The books I've been reading recently include:
The Judge Dee series, historical mysteries/procedurals set in China during the Tang dynasty and based on a real-life judge. They are written by a Dutchman named Robert Van Gulik who made a lifelong study of China and Chinese culture, and lived there for many years... they're classics of the historical mystery genre. The descriptions of criminal trials are particularly interesting. Highly recommended.
The Midnight, Texas series by Charlaine Harris. Southern goth (her specialty, apparently; she's better known for the Sookie Stackhouse mysteries, which I have not read). These are set in the town of Midnight, Texas, literally a wide spot in the road. Populated by a vampire, a witch, a psychic, a couple of angels... you get the idea. I'm not big on the supernatural mystery genre but these are pretty good.
The Miss Julia series, by Ann B. Ross. Set in a small North Carolina town, Miss Julia is a recent widow who one day is confronted with her late husband's illegitimate child. As a good Presbyterian and one of the most proper ladies in town, this is a bitter pill for her to swallow but in true Southern lady fashion she deals with the issue and winds up taking the boy and his mother into her home. Julia is tough as nails and not always the kindest person, but the way she bonds with her husband's son is quite believable and I love the scenes with the two of them. The town manages to hide quite a few secrets, financial and otherwise, and Miss Julia goes about ferreting them out.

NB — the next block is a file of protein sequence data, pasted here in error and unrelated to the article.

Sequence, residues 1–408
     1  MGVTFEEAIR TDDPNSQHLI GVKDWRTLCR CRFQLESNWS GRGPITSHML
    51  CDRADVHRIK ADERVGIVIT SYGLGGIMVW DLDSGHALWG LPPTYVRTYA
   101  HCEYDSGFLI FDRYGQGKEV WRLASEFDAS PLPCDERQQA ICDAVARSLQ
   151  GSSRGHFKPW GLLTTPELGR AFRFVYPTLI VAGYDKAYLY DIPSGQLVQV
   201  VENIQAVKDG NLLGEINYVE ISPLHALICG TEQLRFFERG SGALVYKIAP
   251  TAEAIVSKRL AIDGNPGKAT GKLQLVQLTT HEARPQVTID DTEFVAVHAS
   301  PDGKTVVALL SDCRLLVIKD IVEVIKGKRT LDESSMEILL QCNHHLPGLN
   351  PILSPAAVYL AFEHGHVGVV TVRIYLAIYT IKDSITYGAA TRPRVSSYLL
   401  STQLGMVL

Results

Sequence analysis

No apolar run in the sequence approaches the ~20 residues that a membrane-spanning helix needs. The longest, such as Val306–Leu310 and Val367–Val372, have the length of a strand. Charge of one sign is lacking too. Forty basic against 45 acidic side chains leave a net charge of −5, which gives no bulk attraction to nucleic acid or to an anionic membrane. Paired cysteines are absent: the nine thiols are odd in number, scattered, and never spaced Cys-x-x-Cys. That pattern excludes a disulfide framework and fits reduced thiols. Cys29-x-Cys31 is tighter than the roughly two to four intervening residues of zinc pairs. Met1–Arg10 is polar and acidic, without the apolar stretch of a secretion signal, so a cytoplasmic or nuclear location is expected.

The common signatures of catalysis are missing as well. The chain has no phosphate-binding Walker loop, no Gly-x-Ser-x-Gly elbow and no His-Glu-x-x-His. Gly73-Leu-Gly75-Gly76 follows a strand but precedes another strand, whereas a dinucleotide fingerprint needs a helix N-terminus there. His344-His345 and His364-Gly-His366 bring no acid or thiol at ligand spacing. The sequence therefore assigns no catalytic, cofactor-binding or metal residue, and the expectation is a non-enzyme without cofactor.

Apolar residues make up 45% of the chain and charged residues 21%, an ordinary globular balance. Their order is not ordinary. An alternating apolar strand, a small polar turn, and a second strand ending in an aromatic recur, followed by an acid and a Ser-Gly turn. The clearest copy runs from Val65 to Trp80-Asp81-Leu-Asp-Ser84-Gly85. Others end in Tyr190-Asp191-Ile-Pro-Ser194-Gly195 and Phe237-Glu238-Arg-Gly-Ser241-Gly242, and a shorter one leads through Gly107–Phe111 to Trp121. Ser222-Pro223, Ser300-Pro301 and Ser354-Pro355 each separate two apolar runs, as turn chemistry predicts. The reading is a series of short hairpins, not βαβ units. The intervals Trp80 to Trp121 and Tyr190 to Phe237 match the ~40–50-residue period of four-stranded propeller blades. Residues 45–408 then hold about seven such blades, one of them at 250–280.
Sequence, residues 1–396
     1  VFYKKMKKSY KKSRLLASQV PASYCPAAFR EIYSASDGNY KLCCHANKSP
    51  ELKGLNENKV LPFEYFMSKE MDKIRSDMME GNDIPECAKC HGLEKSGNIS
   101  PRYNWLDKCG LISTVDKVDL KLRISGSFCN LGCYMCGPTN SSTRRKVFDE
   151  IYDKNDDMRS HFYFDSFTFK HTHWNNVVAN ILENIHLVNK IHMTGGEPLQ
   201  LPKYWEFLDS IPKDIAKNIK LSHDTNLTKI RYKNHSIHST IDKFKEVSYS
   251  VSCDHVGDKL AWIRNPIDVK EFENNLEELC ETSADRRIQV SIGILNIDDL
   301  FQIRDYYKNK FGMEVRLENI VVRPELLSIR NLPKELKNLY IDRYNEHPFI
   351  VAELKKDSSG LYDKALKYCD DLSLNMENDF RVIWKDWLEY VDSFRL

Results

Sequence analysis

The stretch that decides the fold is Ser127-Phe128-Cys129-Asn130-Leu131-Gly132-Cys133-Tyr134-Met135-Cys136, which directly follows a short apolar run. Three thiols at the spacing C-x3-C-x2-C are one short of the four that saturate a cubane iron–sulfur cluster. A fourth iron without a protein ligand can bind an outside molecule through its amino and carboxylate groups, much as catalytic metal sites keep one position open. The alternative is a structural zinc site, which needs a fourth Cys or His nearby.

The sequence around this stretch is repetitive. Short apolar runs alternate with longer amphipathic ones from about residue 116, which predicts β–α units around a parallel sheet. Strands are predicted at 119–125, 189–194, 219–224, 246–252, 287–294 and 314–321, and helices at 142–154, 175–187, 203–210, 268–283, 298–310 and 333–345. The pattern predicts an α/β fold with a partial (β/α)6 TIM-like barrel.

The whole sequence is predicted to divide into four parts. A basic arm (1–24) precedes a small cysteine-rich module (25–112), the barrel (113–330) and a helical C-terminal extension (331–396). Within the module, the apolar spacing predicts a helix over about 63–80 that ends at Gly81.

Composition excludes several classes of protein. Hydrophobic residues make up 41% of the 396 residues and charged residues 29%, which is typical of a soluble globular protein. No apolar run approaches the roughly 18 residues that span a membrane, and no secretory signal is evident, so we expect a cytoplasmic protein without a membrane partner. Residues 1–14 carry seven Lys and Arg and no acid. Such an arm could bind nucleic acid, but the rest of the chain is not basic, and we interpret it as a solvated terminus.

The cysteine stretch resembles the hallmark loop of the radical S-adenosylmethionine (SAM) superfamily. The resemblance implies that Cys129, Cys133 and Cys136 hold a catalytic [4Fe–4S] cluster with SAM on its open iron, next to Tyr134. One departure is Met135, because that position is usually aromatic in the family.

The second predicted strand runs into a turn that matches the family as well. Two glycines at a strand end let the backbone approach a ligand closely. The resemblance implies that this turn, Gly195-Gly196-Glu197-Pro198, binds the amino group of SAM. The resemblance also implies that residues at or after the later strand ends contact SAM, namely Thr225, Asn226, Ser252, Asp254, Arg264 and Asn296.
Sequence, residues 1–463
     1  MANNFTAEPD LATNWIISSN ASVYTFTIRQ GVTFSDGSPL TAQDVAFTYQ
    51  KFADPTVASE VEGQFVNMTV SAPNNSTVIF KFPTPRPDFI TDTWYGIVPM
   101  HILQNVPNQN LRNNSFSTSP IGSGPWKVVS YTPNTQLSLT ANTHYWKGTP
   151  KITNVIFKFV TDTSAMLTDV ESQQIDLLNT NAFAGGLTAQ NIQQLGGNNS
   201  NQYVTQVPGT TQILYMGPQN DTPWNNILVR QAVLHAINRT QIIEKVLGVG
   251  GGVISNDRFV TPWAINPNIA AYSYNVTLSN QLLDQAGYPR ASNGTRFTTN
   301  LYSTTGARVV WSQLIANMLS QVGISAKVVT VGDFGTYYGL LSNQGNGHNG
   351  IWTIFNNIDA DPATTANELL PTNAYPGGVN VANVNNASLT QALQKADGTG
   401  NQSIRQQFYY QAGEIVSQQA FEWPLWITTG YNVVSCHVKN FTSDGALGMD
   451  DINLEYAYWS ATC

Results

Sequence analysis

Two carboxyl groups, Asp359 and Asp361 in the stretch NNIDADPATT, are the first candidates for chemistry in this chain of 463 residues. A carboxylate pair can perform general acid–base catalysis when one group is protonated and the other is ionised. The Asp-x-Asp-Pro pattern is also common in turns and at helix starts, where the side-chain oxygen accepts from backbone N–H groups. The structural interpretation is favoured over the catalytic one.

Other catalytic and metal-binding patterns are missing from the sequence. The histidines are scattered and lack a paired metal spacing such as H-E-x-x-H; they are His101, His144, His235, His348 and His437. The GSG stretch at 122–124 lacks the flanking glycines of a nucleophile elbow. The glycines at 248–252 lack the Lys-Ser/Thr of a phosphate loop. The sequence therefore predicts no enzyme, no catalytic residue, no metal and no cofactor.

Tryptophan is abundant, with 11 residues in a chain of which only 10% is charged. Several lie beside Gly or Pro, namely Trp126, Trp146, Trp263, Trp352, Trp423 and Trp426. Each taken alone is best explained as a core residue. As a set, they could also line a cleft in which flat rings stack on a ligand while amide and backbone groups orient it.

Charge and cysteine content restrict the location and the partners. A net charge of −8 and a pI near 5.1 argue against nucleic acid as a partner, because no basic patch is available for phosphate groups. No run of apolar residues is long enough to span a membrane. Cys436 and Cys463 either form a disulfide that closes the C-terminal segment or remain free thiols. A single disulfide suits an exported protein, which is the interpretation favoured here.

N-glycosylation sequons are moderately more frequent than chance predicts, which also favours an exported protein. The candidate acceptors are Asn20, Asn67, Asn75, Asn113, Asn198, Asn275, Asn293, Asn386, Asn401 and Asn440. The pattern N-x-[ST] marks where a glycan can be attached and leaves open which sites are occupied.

The Shadow Walker, by Michael Walters, is (I believe) the first of a series featuring a Mongolian detective. It's a police procedural dealing with a serial killer. As one of the victims is a British national, a Chief Inspector from Scotland Yard is sent to assist with the investigation - the story is told from his point of view. I run hot and cold on procedurals, especially when serial killers are involved. I'm not a fan of violence porn. But here the focus is on Mongolia, a country focusing on modernization and moving out of the shadow of China, and it's really interesting.
While we're on the subject, if you like procedurals an old but good series is the Gideon series featuring Commander George Gideon of Scotland Yard. The series is written by J.J. Marric, which I believe is a pseudonym. They were published from the 1950s to the 1970s. Each book interweaves several crimes taking place in London, either in the planning stage or in progress, from a petty crook who's knocking off stores to a man plotting to kill his wife for the insurance money. Gideon holds an administrative role, so does not investigate all the crimes himself; but you see him pulling the strings, sending out his subordinates and discussing the cases with them. The books take place in real time, over a day or a week or so. They're fairly interchangeable, so you don't have to read them in order. Definitely worth a look.